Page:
"We need to close loops"

It is impossible to imagine our everyday lives without plastics. We encounter them in all areas of our lives, whether in food packaging, cars or electrical appliances. But what about the sustainability of such products? We talked to Prof. Florian Puch, head of the Plastics Technology Group and scientific director at the Thuringian Institute for Textile and Plastics Research (TITK) in Rudolstadt, an affiliated institute of Ilmenau University of Technology, about the challenges and prospects of plastics in the circular economy.

TU Ilmenau/Michael Reichel
Professor Florian Puch is head of the plastics technology department at the Technical University of Ilmenau and scientific director at the Thuringian Institute for Textile and Plastics Research (TITK) in Rudolstadt, an affiliated institute of the TU Ilmenau.

In the 1980s, the slogan "jute instead of plastic" was a catchphrase, and even today, when we think of environmental protection, we think primarily of avoiding plastic. On the other hand, plastic is nowadays regarded as a multifunctional, environmentally compatible and sustainable material with a high innovation potential for technologies of sustainable development. How does that fit together?

In fact, there are studies that say that reusable plastic bags, i.e. the thick plastic bags that are widely used in Germany and have now been banned by legislation, may well be more sustainable than jute or cotton bags, depending on how often they are reused, because a lot of resources such as water or land are used to grow some plants. That's where the legislation overshoots the mark a bit. What makes more sense and is more targeted is the ban on single-use plastic cutlery. Here, too, the solution is not wooden cutlery, but always reusable.

Ultimately, plastics are indispensable today. In medical technology, they guarantee hygiene and sterility. But even electronic applications such as our cell phones or laptops - all the things we take for granted every day and cannot imagine a sustainable future without - are based on plastics, whether for insulating cables, in plug connections or housings. In addition, there are many non-visible parts made of plastic, which allow a high level of functional integration and thus the minimization of installation space in such applications. But in the construction industry, too, plastic foams play a huge role in the energy insulation and refurbishment of buildings, so that less energy is lost during the use phase, and are clearly among the sustainable solutions we need.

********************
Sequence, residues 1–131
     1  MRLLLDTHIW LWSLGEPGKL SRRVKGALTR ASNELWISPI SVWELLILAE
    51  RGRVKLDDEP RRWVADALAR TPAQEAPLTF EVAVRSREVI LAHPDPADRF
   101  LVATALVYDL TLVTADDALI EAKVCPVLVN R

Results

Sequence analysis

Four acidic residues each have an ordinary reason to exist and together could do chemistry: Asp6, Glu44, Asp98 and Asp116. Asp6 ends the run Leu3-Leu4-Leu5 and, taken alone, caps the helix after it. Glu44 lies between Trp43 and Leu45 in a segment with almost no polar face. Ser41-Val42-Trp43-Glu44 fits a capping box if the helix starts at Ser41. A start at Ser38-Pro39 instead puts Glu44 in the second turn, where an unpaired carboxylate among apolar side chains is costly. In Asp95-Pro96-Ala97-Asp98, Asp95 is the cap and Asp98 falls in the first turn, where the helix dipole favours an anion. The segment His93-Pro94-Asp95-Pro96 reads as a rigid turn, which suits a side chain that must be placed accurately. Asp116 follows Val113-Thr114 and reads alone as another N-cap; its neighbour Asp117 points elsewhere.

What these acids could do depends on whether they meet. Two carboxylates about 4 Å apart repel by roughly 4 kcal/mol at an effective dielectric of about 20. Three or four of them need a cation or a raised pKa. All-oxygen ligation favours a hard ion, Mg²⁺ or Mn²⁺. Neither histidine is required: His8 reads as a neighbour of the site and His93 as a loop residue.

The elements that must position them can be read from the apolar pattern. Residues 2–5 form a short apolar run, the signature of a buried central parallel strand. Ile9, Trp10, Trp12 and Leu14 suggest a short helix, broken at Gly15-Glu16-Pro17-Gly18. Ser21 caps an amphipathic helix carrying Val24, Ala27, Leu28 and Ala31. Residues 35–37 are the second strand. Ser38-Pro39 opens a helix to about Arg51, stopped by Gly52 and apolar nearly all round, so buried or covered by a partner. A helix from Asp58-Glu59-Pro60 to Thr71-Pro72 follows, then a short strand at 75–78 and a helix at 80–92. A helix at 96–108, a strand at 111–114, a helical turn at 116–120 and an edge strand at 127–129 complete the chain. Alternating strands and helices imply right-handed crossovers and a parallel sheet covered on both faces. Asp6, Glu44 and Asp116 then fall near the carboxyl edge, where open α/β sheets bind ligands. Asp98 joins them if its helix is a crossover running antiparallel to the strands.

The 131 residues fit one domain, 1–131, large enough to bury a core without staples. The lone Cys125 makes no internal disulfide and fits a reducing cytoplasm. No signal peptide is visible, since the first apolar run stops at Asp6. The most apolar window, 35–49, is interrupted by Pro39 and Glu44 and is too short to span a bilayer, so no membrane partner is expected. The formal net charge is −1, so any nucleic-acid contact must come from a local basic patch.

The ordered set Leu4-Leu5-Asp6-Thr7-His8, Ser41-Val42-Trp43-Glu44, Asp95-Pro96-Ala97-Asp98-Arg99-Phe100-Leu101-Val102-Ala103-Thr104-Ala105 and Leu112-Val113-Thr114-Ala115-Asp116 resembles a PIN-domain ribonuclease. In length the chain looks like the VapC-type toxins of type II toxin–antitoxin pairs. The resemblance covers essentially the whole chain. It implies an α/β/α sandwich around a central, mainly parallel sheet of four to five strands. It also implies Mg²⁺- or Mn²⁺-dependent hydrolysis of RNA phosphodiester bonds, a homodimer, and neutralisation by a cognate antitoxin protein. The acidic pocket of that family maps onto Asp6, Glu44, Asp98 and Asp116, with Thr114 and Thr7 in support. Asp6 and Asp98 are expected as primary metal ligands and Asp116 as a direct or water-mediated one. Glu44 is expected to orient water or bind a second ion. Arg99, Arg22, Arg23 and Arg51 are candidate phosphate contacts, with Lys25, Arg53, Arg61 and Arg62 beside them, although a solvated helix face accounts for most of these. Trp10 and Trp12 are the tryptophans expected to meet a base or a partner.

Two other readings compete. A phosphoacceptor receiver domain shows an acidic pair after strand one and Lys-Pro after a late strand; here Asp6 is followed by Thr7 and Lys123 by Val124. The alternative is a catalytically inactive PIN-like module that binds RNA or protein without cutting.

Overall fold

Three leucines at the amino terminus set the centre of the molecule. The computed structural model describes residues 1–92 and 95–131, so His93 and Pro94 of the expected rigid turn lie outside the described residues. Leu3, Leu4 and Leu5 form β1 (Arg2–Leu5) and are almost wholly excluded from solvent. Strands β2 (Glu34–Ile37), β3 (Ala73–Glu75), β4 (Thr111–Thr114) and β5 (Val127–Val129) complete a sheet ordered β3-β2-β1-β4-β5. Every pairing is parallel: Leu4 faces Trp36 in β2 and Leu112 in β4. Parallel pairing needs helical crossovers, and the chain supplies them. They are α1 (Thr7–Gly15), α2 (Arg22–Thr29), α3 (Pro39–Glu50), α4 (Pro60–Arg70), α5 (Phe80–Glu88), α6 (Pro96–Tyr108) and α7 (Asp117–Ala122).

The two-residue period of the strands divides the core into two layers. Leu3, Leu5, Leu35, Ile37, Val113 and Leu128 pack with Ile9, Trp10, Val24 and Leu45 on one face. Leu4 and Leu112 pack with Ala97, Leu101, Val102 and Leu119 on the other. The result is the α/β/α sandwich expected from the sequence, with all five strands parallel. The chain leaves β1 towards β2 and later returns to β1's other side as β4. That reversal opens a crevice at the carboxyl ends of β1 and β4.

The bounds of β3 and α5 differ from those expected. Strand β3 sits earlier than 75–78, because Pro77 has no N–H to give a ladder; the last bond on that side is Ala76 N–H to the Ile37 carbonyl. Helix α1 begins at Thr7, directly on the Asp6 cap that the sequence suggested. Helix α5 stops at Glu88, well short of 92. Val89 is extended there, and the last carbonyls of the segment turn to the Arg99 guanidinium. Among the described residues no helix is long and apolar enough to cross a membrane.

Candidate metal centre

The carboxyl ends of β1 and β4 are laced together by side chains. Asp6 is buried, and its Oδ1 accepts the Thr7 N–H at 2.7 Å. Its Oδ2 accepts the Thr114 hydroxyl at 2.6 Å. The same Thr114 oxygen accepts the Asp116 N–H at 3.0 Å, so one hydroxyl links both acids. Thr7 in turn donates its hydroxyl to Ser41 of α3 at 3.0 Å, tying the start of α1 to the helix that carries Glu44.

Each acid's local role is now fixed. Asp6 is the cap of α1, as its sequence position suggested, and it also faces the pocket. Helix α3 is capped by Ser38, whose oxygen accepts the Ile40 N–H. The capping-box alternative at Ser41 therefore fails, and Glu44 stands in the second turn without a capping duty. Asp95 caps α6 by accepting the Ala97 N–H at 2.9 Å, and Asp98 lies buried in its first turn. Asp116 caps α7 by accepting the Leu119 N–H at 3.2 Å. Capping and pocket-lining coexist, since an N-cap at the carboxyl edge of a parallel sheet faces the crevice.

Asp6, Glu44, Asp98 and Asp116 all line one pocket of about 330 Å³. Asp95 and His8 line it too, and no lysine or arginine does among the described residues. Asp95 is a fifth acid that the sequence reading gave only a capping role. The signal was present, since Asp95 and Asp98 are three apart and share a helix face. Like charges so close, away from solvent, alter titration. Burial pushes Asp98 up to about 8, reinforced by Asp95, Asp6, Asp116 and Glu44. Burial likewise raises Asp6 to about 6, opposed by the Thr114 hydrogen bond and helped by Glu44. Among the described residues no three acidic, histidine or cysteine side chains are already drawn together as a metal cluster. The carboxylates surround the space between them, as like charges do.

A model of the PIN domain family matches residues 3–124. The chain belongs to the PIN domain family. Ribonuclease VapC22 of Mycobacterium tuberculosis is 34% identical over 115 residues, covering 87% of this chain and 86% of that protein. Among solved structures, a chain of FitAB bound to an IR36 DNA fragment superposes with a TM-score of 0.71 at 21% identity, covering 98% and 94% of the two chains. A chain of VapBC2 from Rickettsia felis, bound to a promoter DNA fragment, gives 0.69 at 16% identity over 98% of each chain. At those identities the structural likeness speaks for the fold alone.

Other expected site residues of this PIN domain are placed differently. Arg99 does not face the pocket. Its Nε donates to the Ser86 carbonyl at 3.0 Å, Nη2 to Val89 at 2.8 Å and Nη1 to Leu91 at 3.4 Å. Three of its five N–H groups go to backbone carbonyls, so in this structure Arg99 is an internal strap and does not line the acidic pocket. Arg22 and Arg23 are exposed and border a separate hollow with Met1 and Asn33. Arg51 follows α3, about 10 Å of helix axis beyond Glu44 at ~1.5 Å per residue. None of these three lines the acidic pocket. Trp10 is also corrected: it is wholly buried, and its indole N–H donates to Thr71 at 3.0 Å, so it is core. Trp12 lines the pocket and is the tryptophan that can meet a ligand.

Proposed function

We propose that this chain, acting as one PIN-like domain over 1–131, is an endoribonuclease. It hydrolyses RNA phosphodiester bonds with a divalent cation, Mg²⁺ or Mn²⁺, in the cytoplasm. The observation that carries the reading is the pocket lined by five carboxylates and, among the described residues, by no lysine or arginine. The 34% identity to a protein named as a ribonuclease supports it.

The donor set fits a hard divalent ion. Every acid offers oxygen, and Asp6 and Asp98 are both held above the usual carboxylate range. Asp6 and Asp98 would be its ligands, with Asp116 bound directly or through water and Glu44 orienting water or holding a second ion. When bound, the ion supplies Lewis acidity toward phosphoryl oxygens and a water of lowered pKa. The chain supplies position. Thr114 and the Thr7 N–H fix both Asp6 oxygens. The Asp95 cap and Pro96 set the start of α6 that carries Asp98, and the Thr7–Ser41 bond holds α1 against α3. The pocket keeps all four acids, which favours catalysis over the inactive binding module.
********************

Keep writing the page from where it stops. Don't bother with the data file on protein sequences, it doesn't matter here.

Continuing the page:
Packaging is a good example of the ambivalence of the issue: On the one hand, they allow food to last longer and stay fresh; on the other hand, they naturally create packaging waste. The most important thing here is that people around the world are sensitized to handle packaging properly, even after the first phase of life, so that plastic does not end up in the environment.

In other words, to ensure that plastic products do not become worthless waste, but rather valuable materials with no harmful effects on the environment and climate, we have to "think in circles," that is, give these products more than just one life and recycle them?

Exactly. We need to use plastics sensibly, which means, for example, creating reusable systems for packaging, as has already happened with the to-go cup, for example. We need to promote such developments even more. Legislation still stands in our way to some extent, because it's not so easy to bring our lunch box to the sausage counter. But we can do a lot in terms of multiple use and reusable packaging and must not regard plastics as cheap or disposable products, but as an important raw material and material.

It is not for nothing that there is the waste hierarchy propagated in the EU, in which the first priority is to avoid waste, i.e. the question: Do I really need the mini bags of gummy bears? Then comes reuse, i.e. the aforementioned to-go cup. Then comes recycling, and finally energy/thermal recovery and disposal of the waste, i.e. landfilling, which in Germany, for example, already accounts for only a negligible percentage.

What else needs to be considered with plastics in the circular economy?